'There's no room': Lethbridge YWCA at capacity, turning women away

The Lethbridge YWCA is shown.

Officials with the Lethbridge YWCA say health restrictions put in place due to COVID-19 have forced the organization to operate at 50 per cent capacity, reducing available beds from 24 to 12.

"Somebody comes to your door and needs a space, to have to say 'I’m sorry, but there's no room at the inn,' it's so difficult and traumatizing, especially when you hear their stories," said YWCA Lethbridge interim CEO Tracy James.

The Lethbridge YWCA helps women in need who are facing homelessness, domestic violence or sexual violence.

James said 1,026 women have been turned away over the past 10 months as a result of limited space.

"It's not uncommon for us, if someone is needing to flee in the middle of the night, we'll open our living room and have them sleep on the couch and try to work on some housing or some referrals when they get up in the morning just to keep them safe," said James.

The YWCA has transferred some clients to surrounding community shelters including in Taber.

James said an alternative to staying at the shelter is helping find affordable housing for victims fleeing domestic violence, but that can be quite a challenge.

“The market has been a challenge, the inventory is so thin,” said Renter’s Choice and Management general manager Amy Breznik.

Renter's Choice compares the market for a single family home in Lethbridge to finding a needle in a haystack. According to Renter’s Choice, a single bedroom apartment on their website is currently going for $900 including utilities.

Breznik says the demand isn’t just in Lethbridge, with surrounding communities also facing a high need. But once a house is found, the challenges don't stop there.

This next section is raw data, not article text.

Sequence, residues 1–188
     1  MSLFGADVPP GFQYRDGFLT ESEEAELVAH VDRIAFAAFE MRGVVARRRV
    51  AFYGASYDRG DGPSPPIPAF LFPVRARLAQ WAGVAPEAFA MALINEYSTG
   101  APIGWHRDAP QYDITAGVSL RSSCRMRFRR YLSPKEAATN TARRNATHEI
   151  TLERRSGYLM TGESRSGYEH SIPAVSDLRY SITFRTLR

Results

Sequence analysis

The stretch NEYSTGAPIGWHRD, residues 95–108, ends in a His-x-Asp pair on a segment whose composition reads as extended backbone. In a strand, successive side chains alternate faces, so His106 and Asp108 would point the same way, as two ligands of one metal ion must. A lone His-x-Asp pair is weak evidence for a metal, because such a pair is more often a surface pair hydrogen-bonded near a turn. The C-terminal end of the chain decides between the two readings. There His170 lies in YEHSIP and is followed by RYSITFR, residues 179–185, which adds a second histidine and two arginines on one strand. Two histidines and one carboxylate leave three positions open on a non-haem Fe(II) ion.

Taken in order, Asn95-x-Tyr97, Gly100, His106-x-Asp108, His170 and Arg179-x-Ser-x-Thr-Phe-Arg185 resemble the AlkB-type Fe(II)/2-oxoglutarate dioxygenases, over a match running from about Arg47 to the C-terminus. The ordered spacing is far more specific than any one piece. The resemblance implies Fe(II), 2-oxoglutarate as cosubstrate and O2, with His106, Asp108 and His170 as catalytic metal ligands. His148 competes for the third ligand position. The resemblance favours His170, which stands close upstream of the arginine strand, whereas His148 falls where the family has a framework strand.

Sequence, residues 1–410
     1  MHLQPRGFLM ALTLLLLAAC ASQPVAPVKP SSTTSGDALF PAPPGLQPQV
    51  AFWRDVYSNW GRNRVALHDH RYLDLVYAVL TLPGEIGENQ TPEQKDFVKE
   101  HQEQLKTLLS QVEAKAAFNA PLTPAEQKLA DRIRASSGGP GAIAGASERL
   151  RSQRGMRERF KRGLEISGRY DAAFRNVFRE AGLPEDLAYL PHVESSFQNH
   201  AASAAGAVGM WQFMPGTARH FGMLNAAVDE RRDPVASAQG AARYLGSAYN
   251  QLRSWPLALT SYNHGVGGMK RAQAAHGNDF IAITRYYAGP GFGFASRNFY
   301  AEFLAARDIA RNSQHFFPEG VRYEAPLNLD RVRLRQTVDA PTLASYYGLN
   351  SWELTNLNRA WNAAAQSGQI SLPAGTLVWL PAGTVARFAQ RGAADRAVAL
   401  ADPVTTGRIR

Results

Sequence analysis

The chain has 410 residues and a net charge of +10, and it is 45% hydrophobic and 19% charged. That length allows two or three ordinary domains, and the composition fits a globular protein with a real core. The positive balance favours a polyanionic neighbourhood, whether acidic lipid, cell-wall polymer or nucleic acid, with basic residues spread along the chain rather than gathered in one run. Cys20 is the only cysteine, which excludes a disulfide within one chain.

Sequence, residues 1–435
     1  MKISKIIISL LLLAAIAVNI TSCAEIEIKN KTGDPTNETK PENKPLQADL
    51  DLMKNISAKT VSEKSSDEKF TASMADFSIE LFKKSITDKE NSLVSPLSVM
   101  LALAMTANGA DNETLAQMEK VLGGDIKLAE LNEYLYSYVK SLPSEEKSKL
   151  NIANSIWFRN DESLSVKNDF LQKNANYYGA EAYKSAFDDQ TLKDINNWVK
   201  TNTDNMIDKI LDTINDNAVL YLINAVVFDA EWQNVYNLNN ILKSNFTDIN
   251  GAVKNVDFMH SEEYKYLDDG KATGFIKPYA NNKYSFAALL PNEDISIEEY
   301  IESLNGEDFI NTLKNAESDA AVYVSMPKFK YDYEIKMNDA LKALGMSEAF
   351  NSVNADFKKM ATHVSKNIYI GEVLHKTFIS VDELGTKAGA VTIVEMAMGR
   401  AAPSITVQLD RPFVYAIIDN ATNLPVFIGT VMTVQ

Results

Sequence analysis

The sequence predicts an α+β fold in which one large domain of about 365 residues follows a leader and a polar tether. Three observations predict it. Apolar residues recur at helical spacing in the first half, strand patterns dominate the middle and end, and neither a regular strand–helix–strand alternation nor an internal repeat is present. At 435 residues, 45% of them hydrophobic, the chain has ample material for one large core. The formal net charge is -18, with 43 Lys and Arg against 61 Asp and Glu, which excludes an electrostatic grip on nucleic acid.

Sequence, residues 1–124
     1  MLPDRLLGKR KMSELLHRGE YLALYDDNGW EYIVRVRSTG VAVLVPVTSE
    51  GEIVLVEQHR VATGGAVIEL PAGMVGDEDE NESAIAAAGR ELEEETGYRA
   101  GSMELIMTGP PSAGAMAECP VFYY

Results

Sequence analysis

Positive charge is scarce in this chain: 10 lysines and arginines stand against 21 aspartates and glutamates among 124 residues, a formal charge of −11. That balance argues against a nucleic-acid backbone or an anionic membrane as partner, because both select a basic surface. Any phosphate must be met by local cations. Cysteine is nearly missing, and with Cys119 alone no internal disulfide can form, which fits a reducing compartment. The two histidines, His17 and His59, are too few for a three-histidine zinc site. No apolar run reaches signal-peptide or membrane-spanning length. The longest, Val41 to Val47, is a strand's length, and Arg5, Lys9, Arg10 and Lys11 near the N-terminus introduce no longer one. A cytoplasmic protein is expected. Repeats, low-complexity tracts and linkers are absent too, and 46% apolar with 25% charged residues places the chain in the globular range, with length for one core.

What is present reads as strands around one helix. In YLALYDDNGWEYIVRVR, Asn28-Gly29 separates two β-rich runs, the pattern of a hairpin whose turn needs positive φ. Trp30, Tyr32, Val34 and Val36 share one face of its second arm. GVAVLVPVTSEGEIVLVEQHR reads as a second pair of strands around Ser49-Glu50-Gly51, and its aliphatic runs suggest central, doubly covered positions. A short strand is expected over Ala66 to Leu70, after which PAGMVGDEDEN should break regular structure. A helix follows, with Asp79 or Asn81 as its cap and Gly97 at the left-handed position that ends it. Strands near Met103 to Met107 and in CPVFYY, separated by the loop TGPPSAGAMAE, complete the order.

"They need to have a strong application because they're competing with others. We are looking to get references or housing references, if they don't have those references, it's tough to then continue to be competitive… and most times they may lose the home,” said Breznik.

To help alleviate some of this problem, the City of Lethbridge has created the Municipal Housing Strategy.

In a statement to CTV News, the City says;

"Although the City of Lethbridge does not own or manage social or affordable housing, we have taken a leadership role to facilitate, convene and coordinate key housing stakeholders to promote collaboration and partnerships between housing stakeholders, and to advocate for capital and program funding to ensure our community’s housing needs are met. This is a community issue that requires a collective solution."

James says despite having to turn people away, those in need of a safe place should not give up trying at the YWCA.

"Just because we say we don't have space one day, we always encourage people to call back, even call back in the same day… Maybe somebody has found a spot and has been able to move out,” said James.

Do you already have, or are you planning to have a heat pump or air conditioning unit installed before summer?

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